Lori Zimmer

175 MPH Student-Designed Electric Car Shatters Land Speed Record!

by , 10/08/11
filed under: Green Transportation, News

green design, eco design, sustainable design, Brigham Young University, Electric car, Bonneville Salt Flats, Electric car speed record, Class E1, Streamliner, Electric Blue, Perry Carter

The engineering students of Brigham Young University recently set a new speed record with their self-built electric car. Racing on the Salt Flats of Utah, the student-built car reached a high speed of 175 miles per hour during its two qualifying runs. The record-breaking win is the perfect close for team leader, Professor Perry Carter, who is retiring after 31 years of teaching and seven years leading the electric vehicle project.

green design, eco design, sustainable design, Brigham Young University, Electric car, Bonneville Salt Flats, Electric car speed record, Class E1, Streamliner, Electric Blue, Perry Carter

The aerodynamic, royal blue car averaged a speed of 155.8 miles per hour during its two course run, breaking the speed record for its weight class. The sleek vehicle, called a streamliner, seats one driver, and is capped by a tail fin for speed and agility. The wheels are enclosed to deter air resistance, making the vehicle look more like a submarine than a car. The car body, built of lightweight carbon fiber, was shaped to maximize speed using a 3D modeling wind tunnel program.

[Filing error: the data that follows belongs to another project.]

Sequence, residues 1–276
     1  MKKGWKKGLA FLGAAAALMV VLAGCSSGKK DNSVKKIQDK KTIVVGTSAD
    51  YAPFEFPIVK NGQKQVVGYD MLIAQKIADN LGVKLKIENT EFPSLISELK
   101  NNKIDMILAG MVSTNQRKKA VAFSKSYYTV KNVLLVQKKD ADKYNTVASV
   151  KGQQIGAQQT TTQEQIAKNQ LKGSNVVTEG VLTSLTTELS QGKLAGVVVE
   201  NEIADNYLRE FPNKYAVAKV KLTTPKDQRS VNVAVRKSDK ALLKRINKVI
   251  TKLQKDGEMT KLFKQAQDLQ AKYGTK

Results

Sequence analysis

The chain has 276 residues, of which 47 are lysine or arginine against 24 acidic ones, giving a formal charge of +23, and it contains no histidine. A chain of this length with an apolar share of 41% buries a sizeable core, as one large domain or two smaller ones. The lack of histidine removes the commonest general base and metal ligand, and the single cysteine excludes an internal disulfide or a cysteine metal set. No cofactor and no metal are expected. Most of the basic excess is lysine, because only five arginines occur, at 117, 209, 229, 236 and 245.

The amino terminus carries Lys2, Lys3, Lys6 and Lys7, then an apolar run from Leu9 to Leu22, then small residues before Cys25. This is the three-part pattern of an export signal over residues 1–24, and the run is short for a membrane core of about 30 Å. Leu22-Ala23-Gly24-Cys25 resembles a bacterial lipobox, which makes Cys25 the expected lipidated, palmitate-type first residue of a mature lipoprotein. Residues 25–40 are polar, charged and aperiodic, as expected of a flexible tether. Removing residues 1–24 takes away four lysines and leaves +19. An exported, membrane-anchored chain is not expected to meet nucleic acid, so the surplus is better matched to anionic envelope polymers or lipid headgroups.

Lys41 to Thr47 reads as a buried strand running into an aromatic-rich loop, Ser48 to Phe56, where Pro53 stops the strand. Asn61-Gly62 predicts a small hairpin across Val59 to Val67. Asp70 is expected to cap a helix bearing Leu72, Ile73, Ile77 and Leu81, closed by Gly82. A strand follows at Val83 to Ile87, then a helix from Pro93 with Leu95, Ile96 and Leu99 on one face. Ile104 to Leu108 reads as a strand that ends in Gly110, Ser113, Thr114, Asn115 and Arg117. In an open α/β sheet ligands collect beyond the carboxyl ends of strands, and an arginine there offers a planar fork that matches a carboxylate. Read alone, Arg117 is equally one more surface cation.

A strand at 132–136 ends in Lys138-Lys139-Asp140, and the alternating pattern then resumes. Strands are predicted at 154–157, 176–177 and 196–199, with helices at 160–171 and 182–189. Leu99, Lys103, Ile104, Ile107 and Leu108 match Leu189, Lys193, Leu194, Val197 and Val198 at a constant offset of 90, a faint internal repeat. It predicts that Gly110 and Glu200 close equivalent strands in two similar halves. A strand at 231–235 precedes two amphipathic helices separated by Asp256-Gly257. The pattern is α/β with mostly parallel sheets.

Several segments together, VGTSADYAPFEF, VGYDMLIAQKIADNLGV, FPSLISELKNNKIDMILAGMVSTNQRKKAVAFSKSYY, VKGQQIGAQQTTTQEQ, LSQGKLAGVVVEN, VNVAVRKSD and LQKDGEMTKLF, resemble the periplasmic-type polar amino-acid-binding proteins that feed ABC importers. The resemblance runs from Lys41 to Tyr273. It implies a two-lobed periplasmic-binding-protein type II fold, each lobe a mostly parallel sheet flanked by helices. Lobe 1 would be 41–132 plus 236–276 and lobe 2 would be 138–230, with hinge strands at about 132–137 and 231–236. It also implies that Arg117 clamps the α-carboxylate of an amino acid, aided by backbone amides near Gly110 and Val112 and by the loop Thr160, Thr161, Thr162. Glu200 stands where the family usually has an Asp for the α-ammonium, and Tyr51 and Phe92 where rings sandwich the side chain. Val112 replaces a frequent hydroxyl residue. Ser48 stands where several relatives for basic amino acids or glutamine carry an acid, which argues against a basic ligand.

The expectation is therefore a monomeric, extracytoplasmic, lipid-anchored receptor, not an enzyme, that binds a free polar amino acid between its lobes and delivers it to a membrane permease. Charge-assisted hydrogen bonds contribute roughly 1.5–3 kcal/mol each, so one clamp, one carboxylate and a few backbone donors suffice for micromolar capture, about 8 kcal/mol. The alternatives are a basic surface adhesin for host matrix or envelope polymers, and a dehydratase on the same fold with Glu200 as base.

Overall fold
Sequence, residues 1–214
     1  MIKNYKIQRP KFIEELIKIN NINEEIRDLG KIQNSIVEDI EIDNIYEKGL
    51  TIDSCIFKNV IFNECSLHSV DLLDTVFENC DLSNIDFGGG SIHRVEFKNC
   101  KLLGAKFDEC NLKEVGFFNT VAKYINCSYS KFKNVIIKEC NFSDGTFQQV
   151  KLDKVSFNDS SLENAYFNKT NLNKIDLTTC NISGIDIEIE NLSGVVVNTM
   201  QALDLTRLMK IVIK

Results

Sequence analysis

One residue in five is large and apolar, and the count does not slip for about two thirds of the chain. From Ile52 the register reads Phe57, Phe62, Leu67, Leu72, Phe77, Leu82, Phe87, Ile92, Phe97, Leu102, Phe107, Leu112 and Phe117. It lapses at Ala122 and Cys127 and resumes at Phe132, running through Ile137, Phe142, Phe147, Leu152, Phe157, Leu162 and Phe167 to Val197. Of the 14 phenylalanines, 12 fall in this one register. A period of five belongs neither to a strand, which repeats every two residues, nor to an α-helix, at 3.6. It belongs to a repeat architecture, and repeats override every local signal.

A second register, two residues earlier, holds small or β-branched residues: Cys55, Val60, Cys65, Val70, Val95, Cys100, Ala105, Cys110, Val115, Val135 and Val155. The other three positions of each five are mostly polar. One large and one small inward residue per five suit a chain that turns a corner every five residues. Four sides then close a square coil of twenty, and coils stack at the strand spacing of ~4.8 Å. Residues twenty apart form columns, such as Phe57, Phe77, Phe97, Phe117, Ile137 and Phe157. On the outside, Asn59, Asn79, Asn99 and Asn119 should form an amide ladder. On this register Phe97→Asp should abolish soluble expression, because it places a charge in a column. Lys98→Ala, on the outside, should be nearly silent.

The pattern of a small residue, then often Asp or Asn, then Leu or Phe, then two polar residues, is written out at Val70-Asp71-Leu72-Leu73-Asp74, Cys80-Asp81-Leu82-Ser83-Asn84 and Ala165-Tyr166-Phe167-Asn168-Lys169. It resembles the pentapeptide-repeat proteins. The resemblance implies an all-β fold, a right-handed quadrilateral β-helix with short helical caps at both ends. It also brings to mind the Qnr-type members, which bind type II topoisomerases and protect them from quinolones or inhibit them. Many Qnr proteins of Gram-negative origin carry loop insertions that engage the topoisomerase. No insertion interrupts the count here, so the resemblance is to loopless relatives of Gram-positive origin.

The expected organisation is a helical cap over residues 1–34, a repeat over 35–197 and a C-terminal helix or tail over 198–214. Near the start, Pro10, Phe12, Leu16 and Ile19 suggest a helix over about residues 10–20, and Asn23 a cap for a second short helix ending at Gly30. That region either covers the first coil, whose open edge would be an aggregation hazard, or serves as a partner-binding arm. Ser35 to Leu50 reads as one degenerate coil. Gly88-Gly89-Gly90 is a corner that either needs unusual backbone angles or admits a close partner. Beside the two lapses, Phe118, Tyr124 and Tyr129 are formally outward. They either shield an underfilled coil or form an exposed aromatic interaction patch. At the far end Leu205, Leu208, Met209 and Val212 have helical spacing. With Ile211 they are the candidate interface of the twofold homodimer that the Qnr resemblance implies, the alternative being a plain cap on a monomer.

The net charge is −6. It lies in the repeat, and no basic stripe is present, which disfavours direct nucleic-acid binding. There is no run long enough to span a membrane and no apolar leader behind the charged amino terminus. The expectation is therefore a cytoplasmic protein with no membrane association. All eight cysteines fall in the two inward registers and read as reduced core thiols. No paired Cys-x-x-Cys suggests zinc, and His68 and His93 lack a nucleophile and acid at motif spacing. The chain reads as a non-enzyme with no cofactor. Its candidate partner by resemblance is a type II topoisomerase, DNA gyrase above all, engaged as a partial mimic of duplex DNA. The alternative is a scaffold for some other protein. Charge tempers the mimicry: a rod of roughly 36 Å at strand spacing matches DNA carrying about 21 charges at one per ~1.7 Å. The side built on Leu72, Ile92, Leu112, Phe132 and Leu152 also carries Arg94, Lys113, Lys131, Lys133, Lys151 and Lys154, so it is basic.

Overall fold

Coupled with the lightweight and streamline design, the car, named “Electric Blue,” reached high speeds thanks to lithium iron phosphate batteries. But the car is designed only for the need for speed — definitely not for commercial use. It hovers extremely low to the ground – only about an inch above – which creates an extremely wide turning radius that is only practical in open areas like the Salt Flats.

The record breaking is quite a feat for BYU students, whose vehicle was disqualified last year when it rolled during its required second run. Their model last year only achieved 139 miles per hour.

+ Brigham Young University

Via PhysOrg

 

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